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Census Bureau recruits student employees for temporary positions

By Andrea Schneck

Feb. 4, 2010 10:56 p.m.

In 2000, more than 50,000 people were hired to follow up on U.S. residents who did not submit their mail-in census forms. For the Census 2010, recruiters hope to attract a similar amount of employees, especially students.

The U.S. Census Bureau is recruiting at UCLA in an attempt to fill hundreds of thousands of temporary positions.

“Students fit the criterion,” said Yolanda Lazcano, a census recruiting coordinator. “(The job is) 17 dollars an hour, part time, and it fits into students’ schedules. The great fit about this is that it gives you some experience, and no special education or experience is needed.”

The Census Bureau is a constitutionally mandated organization that seeks to determine the total population count of the United States every 10 years. The numbers are then used for the apportionment of seats in the House of Representatives, as well as the distribution of funds for governmental programs.

Census takers go door to door in the evenings and on weekends, explaining the purpose of the census and recording how many residents are in their home, as well as the residents’ gender and ethnic make-up.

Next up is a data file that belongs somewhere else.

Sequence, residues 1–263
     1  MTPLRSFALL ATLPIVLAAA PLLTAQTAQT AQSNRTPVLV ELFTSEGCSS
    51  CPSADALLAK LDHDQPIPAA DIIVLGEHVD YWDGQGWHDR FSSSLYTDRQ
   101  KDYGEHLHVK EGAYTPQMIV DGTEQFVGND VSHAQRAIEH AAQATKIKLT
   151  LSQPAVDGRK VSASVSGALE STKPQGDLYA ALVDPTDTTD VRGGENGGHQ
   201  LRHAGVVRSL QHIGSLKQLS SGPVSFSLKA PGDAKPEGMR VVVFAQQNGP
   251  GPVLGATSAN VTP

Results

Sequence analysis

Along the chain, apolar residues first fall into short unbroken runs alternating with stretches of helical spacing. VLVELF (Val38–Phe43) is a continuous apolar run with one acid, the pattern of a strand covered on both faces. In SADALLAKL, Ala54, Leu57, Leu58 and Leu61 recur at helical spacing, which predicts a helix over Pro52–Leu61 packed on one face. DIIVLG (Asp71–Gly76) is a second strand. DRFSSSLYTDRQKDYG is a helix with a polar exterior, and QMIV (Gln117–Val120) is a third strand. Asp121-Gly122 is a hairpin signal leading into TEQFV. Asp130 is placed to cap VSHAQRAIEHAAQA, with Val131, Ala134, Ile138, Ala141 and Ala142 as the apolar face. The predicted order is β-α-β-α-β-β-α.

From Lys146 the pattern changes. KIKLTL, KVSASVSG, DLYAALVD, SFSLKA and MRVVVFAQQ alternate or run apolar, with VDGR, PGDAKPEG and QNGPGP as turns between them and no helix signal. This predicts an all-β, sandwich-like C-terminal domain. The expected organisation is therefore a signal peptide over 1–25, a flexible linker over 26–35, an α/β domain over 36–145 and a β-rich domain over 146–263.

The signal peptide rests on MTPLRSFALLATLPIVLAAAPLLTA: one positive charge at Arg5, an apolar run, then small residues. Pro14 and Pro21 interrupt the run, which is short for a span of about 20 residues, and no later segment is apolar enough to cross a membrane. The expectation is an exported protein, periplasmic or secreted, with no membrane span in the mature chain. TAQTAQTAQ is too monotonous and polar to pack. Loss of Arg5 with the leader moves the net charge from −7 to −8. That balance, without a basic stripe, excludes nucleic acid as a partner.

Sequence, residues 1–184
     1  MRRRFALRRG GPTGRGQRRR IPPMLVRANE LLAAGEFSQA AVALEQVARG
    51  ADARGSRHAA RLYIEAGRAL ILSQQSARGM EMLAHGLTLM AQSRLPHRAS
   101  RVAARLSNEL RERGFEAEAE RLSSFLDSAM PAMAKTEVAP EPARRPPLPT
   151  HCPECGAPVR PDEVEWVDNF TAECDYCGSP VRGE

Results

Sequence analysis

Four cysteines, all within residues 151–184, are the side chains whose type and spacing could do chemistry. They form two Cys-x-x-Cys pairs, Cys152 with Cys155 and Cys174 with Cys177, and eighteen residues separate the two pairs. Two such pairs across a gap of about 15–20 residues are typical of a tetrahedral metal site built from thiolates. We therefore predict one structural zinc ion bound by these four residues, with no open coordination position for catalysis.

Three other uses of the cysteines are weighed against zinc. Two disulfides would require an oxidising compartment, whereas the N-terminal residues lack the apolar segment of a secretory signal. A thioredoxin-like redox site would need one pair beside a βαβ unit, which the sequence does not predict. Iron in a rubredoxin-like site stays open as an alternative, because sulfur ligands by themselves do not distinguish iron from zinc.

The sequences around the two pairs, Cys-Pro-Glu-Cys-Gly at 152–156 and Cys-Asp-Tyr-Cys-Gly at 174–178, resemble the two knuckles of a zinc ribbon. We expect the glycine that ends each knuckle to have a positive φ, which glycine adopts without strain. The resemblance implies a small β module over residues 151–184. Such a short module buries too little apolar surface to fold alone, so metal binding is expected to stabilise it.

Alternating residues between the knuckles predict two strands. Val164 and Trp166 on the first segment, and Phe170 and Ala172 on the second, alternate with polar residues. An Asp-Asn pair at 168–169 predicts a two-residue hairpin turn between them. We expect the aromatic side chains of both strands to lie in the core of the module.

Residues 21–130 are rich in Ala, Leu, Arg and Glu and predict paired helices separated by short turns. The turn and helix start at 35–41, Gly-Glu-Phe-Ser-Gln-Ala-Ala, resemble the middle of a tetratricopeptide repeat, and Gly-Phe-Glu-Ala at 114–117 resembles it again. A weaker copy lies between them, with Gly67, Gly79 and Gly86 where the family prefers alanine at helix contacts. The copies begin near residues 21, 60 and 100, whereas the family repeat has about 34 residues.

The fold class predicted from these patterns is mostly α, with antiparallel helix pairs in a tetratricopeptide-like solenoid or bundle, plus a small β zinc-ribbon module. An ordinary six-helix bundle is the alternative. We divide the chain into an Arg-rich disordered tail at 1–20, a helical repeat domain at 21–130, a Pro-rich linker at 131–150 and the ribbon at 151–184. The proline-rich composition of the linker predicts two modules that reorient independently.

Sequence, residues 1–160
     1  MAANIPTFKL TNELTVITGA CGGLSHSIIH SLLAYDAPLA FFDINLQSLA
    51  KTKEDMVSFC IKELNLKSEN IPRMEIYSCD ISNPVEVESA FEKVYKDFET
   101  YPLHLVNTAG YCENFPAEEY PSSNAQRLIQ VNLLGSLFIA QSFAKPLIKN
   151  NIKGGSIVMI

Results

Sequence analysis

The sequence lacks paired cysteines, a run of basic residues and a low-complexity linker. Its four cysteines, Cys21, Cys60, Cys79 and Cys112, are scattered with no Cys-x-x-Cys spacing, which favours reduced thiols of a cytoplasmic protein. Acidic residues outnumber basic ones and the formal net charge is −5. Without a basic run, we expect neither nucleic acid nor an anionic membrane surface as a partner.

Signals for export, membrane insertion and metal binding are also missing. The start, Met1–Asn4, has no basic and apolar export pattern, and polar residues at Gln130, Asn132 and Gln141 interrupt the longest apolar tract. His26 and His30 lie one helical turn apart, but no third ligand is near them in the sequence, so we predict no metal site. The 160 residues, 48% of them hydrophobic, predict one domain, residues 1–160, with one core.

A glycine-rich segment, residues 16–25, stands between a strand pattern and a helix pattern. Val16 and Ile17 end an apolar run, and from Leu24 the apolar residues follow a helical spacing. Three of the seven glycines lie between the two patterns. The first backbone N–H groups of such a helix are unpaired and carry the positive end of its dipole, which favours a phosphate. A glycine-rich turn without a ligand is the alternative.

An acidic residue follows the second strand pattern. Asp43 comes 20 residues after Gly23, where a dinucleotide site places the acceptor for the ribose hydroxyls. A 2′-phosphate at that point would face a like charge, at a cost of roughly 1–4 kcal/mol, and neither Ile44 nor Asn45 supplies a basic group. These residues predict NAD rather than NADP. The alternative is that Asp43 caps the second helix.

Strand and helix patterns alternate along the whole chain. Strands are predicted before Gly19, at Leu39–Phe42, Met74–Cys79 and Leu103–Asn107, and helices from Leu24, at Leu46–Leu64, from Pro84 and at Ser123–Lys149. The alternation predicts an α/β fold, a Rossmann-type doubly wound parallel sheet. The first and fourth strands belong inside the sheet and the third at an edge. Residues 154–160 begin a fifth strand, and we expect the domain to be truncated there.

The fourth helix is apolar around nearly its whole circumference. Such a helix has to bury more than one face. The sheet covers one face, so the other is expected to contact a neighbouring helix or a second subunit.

Students and others hoping to find employment with the Census must take an exam that tests basic skills, including map reading, basic math and reading comprehension.

“You don’t need to study for it ahead of time,” said Danial Sajed, a third-year computer science student, who thought he did well on the exam. Sajed took the test, which lasted roughly a half an hour, with 20 other people.

Sajed and others remained for the rest of the hour and a half period, filling out a general application form, having their identification verified by a Census proctor and checking their exam results.

Census takers who get 10 out of 28 multiple-choice questions correct on the test will be hired in late March, shortly after forms are sent out to residents. The employment period will continue from April through July, but the actual amount of work hours per week varies greatly, and employment is subject to end at any time if there is a lack of work.

Despite this instability, Lazcano said it is worthwhile for students to get involved in the Census.

“It’s important for locals to go out in their own communities. If people identify familiar faces, then it gains more cooperation from the public,” Lazcano said.

This cooperation is essential to appropriately distribute $430 billion of federal money to the community, affecting funds for education and public programs. In this way, students will make an impact in their local area, Lazcano added.

For some students, however, the ideological purpose of the Census takes a backseat to the larger monetary compensation.

“I’m not doing it to make a difference. I’m sure that there’s a lot of good reasons to do it, but I don’t feel strongly about it,” Sajed said.

For more information about job opportunities with the Census, visit

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Andrea Schneck
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